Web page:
Mid summer in the North American midwest, the garden is thriving. Every plant is reaching leaves toward the sky, and every root is nestling deep into the soil, drinking up the ample nourishment that comes with regular rain and enough organic compost. The sunflowers that were knee-high a few weeks ago will soon be taller than me. Their flower heads follow the sun as it arcs across the sky, and they end the day gazing toward the westerly hills. There are basketball-sized cabbages, canopies of kale providing shade for the vole who munches the beets, and if you were to stretch all of the winter squash and zucchini vines out in a line they would reach down the road and around the corner. Bees and hummingbirds buzz about, happily drinking up raspberry and oregano blossom nectar, doing their important pollinating work. The scarecrow is earning her keep as the peppers, tomatoes, and eggplants encourage their blossoms to fruit, and bushy potato plants lean over inviting thoughts of harvest. My daughter likes to dart between the rows with bare feet and collect bouquets of wild daisies. Turkeys and foxes and deer tend their young, and the reeds down at the lake tower over our heads when we push the canoe out to paddle. Like I said, things are thriving. And when I can remember how much life and abundance and beauty and breath-catching astonishment exists just outside the door, my family and I thrive, too.
When I remember to notice said life and abundance and beauty and astonishment, anyway. It’s all too easy to focus only on problems or hard tasks I don’t really want or know how to do: from the little discontents that pepper a human day to huge issues like climate disruption, racism, and pandemics. We humans have a knack for focusing really well on what isn’t going well. Even the optimists, I think. Even the people who see the glass as half full, and say, “hey at least I have a glass” aren’t immune to letting a low point dictate the day’s trajectory. Usually, I’m one of those gratitude-practicing women who likes to support others in figuring out how to notice the good in a day. But I still struggle with wishing I were somewhere other than my desk (or the car, or the store, or engaged in some other undesirable errand). All too often I get thinking about how much I dislike a certain way I have to do a task or hope the internet goes down because all I want to do is put my head on my keyboard. During the strange days of distance learning this past school year, even my 8-year-old got caught up in lamenting all that wasn’t ideal about spending so much time on digital tasks.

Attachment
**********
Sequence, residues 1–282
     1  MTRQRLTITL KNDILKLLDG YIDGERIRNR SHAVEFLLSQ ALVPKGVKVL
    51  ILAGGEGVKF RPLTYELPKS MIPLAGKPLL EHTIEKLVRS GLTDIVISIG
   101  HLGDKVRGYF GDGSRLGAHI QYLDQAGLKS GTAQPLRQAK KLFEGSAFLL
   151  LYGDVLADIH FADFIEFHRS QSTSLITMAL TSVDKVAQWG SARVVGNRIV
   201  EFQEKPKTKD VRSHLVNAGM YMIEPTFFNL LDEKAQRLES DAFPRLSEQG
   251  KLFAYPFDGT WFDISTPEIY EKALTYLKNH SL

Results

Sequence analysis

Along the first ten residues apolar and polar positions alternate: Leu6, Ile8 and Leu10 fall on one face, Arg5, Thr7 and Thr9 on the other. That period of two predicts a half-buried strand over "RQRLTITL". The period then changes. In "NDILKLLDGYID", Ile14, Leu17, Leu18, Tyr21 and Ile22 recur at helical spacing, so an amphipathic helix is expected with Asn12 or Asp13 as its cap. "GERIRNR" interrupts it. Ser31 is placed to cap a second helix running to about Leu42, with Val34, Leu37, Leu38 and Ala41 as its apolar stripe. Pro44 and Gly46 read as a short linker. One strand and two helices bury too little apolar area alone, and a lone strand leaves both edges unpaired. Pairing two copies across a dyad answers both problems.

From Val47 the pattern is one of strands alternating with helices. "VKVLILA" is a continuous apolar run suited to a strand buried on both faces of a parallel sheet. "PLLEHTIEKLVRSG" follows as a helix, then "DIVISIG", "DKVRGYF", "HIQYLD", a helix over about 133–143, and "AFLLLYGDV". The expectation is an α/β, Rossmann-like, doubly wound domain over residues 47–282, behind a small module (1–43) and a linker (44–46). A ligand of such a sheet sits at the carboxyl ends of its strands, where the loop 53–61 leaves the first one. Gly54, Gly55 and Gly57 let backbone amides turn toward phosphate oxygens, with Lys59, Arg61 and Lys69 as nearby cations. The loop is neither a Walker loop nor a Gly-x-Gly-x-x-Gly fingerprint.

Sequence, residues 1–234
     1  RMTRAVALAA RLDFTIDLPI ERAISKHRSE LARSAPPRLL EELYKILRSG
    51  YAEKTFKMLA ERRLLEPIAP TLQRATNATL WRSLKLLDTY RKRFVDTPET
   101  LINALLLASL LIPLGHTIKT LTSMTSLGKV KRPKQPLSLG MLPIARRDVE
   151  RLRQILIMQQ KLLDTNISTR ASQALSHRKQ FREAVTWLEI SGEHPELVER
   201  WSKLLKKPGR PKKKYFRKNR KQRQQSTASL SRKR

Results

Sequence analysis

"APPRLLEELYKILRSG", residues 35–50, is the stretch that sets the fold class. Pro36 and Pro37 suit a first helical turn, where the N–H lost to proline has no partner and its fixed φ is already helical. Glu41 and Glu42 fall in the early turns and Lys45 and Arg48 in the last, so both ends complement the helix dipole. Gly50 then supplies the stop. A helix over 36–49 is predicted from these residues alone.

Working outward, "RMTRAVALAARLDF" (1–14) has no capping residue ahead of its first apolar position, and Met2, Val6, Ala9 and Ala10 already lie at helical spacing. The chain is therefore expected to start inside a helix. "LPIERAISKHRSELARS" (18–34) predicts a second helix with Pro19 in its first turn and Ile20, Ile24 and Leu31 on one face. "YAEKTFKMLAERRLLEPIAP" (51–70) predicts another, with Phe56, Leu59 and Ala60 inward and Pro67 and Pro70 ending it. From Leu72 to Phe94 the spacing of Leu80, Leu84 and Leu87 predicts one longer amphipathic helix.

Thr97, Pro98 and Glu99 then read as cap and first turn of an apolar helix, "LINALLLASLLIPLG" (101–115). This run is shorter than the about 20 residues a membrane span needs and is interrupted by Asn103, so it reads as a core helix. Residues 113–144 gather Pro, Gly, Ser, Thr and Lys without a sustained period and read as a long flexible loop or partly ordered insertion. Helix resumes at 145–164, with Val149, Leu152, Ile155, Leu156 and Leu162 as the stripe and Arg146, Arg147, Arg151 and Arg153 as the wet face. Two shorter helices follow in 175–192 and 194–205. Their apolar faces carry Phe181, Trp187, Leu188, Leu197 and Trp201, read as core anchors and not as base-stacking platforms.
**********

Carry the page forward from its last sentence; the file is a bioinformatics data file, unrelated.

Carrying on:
Fortunately, there’s a remedy for this state, and for me and my family, it involves going outside: To the garden to witness the growth that abounds or to the woods to breathe in cool mossy air or to the shores of a nearby lake to listen as frogs sing to each other from under the lily pads. We’re fortunate to have access to wild beauty just outside the door, but even when I still lived and worked in the depths of the city, going out to the backyard or stepping into natural light during the workday meant the difference between going to bed in a foul mood or turning in feeling connected to something bigger than myself.
As we move through the rest of 2020 amidst the unknowns and challenges that come with navigating a pandemic, rampant white supremacy, and continued ecological destruction, I remind myself that there is much life and abundance and beauty and breath-catching astonishment right outside the door. Even in the middle of the biggest city on earth, all I have to do is look up to the sky to reclaim the wildness that invites me to remember my roots. Even if it has to be through a window right before getting back to the work at hand. Thoreau put it well when he said, “In wildness is the preservation of the world.”
This post is a modified excerpt from 12 Tiny Things: Simple Ways to Live a More Intentional Life is now available for pre-order at www.12tinythings.com Join authors Heidi Barr and Ellie Roscher at @12TinyThings (instagram and Facebook), where they foster community around self-awareness and the cultivation of intentional practices that lead to living well as a responsible citizen of planet Earth.